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Obama approves 250 additional U.S. troops in Syria

President Obama is expected to announce Monday the approval of up to 250 additional military personnel to support local forces inside war-ravaged Syria battling the Islamic State of Iraq and Syria (ISIS,) a senior administration official confirmed to CBS News.

The president will make the announcement Monday in remarks at the Hanover Messe fairgrounds in Germany as part of his farewell tour of Europe, reports CBS News correspondent Margaret Brennan.

In December, President Obama admitted publicly for the first time that a small contingent of 50 or so elite U.S. commandos has begun working inside Syria to "tighten the squeeze" on ISIS.

Mr. Obama had made the announcement of the pre-planned incursion of 50 troops in a speech intended to prove his administration is stepping up the fight against the extremist group.

CBS News correspondent Charlie D'Agata met one of the groups American military personnel are working with inside northern Syria -- the Syrian Democratic Force. It is a newly-formed group made up largely of Kurdish and Arab fighters.

A local commander told D'Agata he had met with U.S. forces on the ground in Syria who are helping to coordinate local militias, and providing equipment, intelligence and training. The commander said in addition to helping call in accurate airstrikes, the deployment symbolically shows that the U.S. is committed to the fight.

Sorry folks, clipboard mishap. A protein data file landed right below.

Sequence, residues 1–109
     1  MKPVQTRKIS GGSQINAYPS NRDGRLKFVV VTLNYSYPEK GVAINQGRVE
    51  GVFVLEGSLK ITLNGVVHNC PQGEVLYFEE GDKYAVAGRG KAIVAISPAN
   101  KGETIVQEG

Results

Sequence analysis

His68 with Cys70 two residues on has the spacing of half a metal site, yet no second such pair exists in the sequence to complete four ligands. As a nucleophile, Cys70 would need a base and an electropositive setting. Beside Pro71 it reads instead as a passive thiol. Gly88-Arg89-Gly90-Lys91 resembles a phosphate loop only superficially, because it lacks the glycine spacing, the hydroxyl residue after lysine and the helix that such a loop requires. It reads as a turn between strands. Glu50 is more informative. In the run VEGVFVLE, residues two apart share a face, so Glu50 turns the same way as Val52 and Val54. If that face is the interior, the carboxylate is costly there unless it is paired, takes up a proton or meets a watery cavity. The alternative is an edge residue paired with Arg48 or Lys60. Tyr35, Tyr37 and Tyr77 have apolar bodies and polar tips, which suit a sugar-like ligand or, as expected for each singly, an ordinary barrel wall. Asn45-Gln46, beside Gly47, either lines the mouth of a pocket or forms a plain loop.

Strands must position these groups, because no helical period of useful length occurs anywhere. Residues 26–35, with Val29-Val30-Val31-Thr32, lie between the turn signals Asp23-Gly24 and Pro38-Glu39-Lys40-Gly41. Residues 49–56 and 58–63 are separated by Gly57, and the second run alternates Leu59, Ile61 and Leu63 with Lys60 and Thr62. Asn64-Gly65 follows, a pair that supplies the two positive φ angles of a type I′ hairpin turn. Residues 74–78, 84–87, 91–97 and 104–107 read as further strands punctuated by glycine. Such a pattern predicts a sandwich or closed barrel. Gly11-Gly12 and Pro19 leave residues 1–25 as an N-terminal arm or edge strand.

In neighboring Iraq, the Obama administration has also been incrementally increasing the American military presence in the fight against ISIS.

Last week, Defense Secretary Ash Carter said the U.S. will send 200 more troops and a number of Apache helicopters to Iraq to assist in the fight to retake Mosul, Iraq's second-largest city that is currently under ISIS control.

The decision reflect weeks of discussions with commanders and Iraqi leaders, and a decision by President Barack Obama to increase the authorized troop level in Iraq by 217 - or from 3,870 to 4,087.

Most of the additional troops would probably be Army special forces, who have been used to advise and assist the Iraqis. The remainder would include some trainers, security forces for the advisers, and more maintenance teams for the Apaches.

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